Tasty fruitcake?
October 4, 2010 2:20 PM   Subscribe

Help me make delicious fruitcake.

I want to try making fruitcake this year. My great aunt, it seems, made the best fruitcake ever, but nobody had the foresight to get her recipe (if there even was one) and she has long since made her way through the pearly gates. She passed away before I was born, so I don't even have the memory of what hers tasted like to go by; all I know was that she soaked it in whiskey for many days. I don't know what method she used, or anything else about how she made it. I think it was probably dark fruitcake.

I have googled it and I came up with a million variations. I am a reasonably accomplished baker, but I don't have any experience with this (as in, I tried fruitcake for the first time last Christmas) so I'm not sure where to start, and I understand there are many, many ways fruitcake can go wrong. So, I pose this challenge to the hivemind: Help me make delicious, old-fashioned fruitcake that would do my great aunt proud.

Many thanks!
posted by torisaur to Food & Drink (17 answers total) 14 users marked this as a favorite
I have not made fruitcake. However, I have watched the Good Eats episode about fruitcake. I believe in Alton Brown, so I suggest you start there.
posted by seanmpuckett at 2:41 PM on October 4, 2010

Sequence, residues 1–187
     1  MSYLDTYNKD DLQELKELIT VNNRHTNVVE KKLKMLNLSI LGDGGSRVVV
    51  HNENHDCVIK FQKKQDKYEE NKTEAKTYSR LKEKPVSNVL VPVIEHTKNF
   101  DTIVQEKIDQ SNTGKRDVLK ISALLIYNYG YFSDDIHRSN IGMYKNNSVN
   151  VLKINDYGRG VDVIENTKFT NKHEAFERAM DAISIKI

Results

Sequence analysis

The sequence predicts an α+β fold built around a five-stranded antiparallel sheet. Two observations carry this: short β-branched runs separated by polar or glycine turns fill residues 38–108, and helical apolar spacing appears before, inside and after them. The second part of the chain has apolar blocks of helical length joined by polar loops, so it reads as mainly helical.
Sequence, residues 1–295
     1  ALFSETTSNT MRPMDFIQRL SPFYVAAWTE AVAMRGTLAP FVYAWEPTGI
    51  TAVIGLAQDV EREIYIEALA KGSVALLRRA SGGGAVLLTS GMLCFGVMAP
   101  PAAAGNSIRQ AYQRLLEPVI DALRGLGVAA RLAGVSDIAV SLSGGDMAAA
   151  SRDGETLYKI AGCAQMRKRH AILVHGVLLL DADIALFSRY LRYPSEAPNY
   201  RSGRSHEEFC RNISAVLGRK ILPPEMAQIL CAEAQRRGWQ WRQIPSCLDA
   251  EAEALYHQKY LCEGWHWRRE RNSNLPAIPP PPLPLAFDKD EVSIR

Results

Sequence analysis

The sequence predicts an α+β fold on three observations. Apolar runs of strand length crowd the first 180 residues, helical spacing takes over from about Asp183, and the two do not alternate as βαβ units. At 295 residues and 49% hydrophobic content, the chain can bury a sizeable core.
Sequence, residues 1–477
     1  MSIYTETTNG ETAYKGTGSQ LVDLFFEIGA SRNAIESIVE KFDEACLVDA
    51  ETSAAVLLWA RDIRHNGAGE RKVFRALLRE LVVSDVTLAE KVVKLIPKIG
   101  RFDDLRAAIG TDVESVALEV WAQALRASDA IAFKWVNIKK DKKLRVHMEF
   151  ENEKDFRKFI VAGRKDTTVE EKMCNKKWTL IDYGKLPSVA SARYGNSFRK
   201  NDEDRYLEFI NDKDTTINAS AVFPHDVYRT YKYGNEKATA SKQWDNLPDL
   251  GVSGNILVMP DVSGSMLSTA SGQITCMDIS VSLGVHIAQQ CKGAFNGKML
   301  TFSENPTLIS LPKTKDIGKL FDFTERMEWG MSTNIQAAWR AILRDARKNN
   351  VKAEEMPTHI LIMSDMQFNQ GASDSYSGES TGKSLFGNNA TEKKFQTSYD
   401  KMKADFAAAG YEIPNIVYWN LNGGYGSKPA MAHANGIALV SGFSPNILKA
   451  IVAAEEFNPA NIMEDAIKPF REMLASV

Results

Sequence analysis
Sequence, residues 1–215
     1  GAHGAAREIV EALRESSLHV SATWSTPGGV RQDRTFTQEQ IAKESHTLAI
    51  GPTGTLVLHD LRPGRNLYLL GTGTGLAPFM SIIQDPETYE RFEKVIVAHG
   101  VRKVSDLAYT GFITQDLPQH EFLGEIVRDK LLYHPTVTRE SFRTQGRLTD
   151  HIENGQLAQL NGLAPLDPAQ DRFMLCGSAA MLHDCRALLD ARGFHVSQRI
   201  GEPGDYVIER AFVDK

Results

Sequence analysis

Indeed, the Alton Brown fruitcake is surprisingly good.
posted by Cool Papa Bell at 2:54 PM on October 4, 2010

Rose Levy Beranbaum's is the best, and her website has many variations.
posted by Ideefixe at 2:59 PM on October 4, 2010

Be sure to buy good candied fruit. You don't have to use exactly what any recipe calls for, as long as the overall quantity of fruit is the same, but if a dried fruit isn't delicious when you eat a piece of it, don't put it in. Choose the fruits and nuts you like best, and buy the very best quality. I use a mixture of raisins, currants, pecans, dates, dried pineapple, and dried sweetened cranberries, in the dark fruitcake recipe from the Joy of Cooking. I've had to throw away cheap artificially-flavored and colored dried fruit from the regular grocery store, because it would have ruined the fruitcake.
posted by Ery at 3:04 PM on October 4, 2010

I've never made it myself, but I LOVE the Texas Pecan Fruitcake from Collin Street Bakery.

Recipe here:
posted by cyndigo at 3:14 PM on October 4, 2010

Don't make fruitcake. Make black cake, which is what all fruitcake wants to be when it grows up. It's the same basic idea as fruitcake, but uses burnt sugar (which makes it black and rich) and the fruit and bits are macerated into totally tiny little pieces, absolutely married to the cake, instead of sulking separately as lumpy dry or oversoaked bits. People will argue whether the best black cake is Guyanese, Trinidadian or Jamaican, but like the roti from the various countries, it's all awesome.

If I can't get Auntie Betty to share her recipe, I'd advise starting with one of these:

- Guyanese Black Cake
- Jamaican Black Cake
- Trinidad Black Cake
posted by maudlin at 3:31 PM on October 4, 2010 [6 favorites]

Here is the one I use. It's black cake. Seems to be a big hit with most folks.
posted by FauxScot at 3:49 PM on October 4, 2010 [1 favorite]

Collin Street Bakery's fruitcake is pretty bland.

I'd recommend something similar to this:


Minus currants, raisins, dates.

Add some pecans toasted in butter, coconut extract, rum extract, and a small amount of orange and lemon extract.
posted by mhuckaba at 4:29 PM on October 4, 2010